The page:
Update: There is some new information and some good news at the bottom of the article.
One of the features that was introduced with Mac OS X Leopard was Time Machine. I use Time Machine constantly. I make sure my laptop (which is my primary machine) is backed up before I do anything particularly risky, like running tools that modify my drive, or taking my machine out of the house. That way I know that no matter what happens there is a safe copy of my data waiting at home.
The problem is that Time Machine is not automatic if you are a laptop user. I need to walk over, plug my laptop into a drive, and then wait while it runs. On my system it usually runs quickly, but it is still requires me to getting involved with the backup. It would be better if it could automatically backup across my wifi network. Apple supports network Time Machine backups between Leopard machines as well as selling a backup NAS product, Time Capsule. I have a Time Capsule and a Leopard desktop machine that I use as an AFP server, but I have given up on using either of them for Time Machine backups, since they have corrupted my backups multiple times. Unfortunately the current Time Machine over network implementation is fundamentally flawed and will never work correctly.
How Time Machine Works
Time machine works by literally cloning your drive into a subdirectory of another drive. If search for it on google you will find references to HFS+ hardlinks and metadata, but those are all internal implementation details to make it run with acceptable performance. If you drill down into a .backupdb bundle you will see several folders, and each one of them is a complete clone of your system at a specific point in time, minus any folders you have chosen to omit.
This is great in many ways. In particular, it means that all the applications that use Time Machine don't have to pull the files out of some archive format to work on them. That lets Finder navigate through them quickly, and hand them to third party QuickLook filters. It also means that that any filesystem that those files are stored on must support all of HFS+/HFSX's features or there will be a loss of fidelity. By fidelity I mean precise accuracy of all details of the file data and metadata, including full name (in whatever encoding your volume was using), extended attributes, permissions, acls, forks, etc.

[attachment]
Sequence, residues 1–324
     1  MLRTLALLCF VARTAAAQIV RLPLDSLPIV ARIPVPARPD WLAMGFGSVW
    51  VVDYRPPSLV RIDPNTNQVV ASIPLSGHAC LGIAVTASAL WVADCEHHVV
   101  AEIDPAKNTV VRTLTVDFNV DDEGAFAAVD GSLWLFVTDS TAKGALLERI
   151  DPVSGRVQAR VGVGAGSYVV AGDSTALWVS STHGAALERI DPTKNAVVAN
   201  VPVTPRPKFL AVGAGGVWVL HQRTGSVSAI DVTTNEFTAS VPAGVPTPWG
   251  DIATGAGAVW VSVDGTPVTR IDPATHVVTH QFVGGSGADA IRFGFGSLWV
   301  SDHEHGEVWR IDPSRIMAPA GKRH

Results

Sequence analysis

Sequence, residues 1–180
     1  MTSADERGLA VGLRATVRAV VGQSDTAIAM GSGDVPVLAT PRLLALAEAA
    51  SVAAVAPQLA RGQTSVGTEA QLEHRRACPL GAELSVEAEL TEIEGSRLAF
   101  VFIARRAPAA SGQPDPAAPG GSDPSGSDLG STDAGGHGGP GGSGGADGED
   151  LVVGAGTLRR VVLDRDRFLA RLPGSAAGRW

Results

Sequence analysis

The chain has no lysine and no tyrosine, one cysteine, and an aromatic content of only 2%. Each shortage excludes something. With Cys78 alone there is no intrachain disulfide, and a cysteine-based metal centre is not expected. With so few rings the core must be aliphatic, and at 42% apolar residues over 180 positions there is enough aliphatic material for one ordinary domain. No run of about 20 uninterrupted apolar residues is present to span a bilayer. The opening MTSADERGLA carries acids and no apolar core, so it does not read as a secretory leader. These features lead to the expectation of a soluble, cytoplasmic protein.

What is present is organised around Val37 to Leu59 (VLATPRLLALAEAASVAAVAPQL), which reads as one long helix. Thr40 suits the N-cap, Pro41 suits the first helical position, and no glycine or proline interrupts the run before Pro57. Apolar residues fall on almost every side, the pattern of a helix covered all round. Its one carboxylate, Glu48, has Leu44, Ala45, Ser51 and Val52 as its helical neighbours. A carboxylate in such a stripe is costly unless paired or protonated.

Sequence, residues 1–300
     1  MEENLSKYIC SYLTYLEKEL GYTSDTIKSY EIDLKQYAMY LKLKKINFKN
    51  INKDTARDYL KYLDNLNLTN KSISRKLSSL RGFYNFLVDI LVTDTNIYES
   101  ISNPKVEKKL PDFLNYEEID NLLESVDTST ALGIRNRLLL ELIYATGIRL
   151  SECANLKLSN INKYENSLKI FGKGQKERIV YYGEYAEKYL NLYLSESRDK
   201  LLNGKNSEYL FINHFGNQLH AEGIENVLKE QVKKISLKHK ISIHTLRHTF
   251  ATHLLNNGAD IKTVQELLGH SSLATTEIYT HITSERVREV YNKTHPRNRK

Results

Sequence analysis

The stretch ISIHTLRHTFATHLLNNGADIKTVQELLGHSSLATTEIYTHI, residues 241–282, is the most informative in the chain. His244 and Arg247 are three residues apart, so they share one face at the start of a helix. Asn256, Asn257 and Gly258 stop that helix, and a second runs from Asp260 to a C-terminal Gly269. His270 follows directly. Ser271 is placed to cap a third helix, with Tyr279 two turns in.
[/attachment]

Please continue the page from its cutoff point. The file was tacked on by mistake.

Historically most filesystems have not been able to store a file originated on an HFS volume with full fidelity (that is why Apple used to tuck data in ._ files, they were used to stash all the data that would be lost), though that has been getting better in recent years. While losing some info might be okay when transferring a file to a foreign computer, it is never okay for a backup system to lose that kind of information. Because fidelity is such an issue and Apple has to use a filesystem that supports all HFS+ and HFSX's semantics Apple generally creates HFSX volumes for time machine volumes, since they can store content of both HFS+ and other HFSX volumes with no loss.
Backing up to a network
Okay, so in the local case Apple copies files between two drives, and it works great. Once you move to networks things get a lot more complicated. Besides from the reduced speed, most people are using laptops via wireless. Between the increased length of the backups, and the transient nature of the connections it is much likely that you will have an interrupted backup (though that can also happen with a local disk based backup, people love to just unplug drives...). Also, unless you are using something like iSCSI you can't directly use HFS+ on a remote disk, so something has to change. There are a couple of obvious solutions, all of which have drawbacks.
1) Use a network filesystem
This would be an ideal solution, if not for the filesystem fidelity issue. There are currently no network filesystems in wide usage that preserve all HFS+/HFSX semantics (particularly if you include the directory hardlink "implementation detail" of Time Machine). Of course Apple has its own network filesystem, AFP, which it could rev to support features it needs. There are two major problems with that. The first is that that most network filesystems leak the semantics of the underlying filesystem. For instance, some SMB volumes preserve case and some don't, and that is a side effect of whether or not the filesystem of the server preserves case.
So even if Apple revved AFP, the best they could do is guarantee that AFP served from HFSX using their server software would have HFSX semantics. Second, a large number of devices use embedded AFP servers on completely different OSes and FSes. There is no way Apple can know how netatalk on a consumer NAS serving files off of ext3 will handle things, but it is a good bet it will not match the semantics they depend on. So Apple would need to either block all 3rd party devices, or implement some sort of mangling in Time Machine to try to preserve all attributes in a way that would be durable. Since everyone hated ._ files the first time, that seems like a bad idea.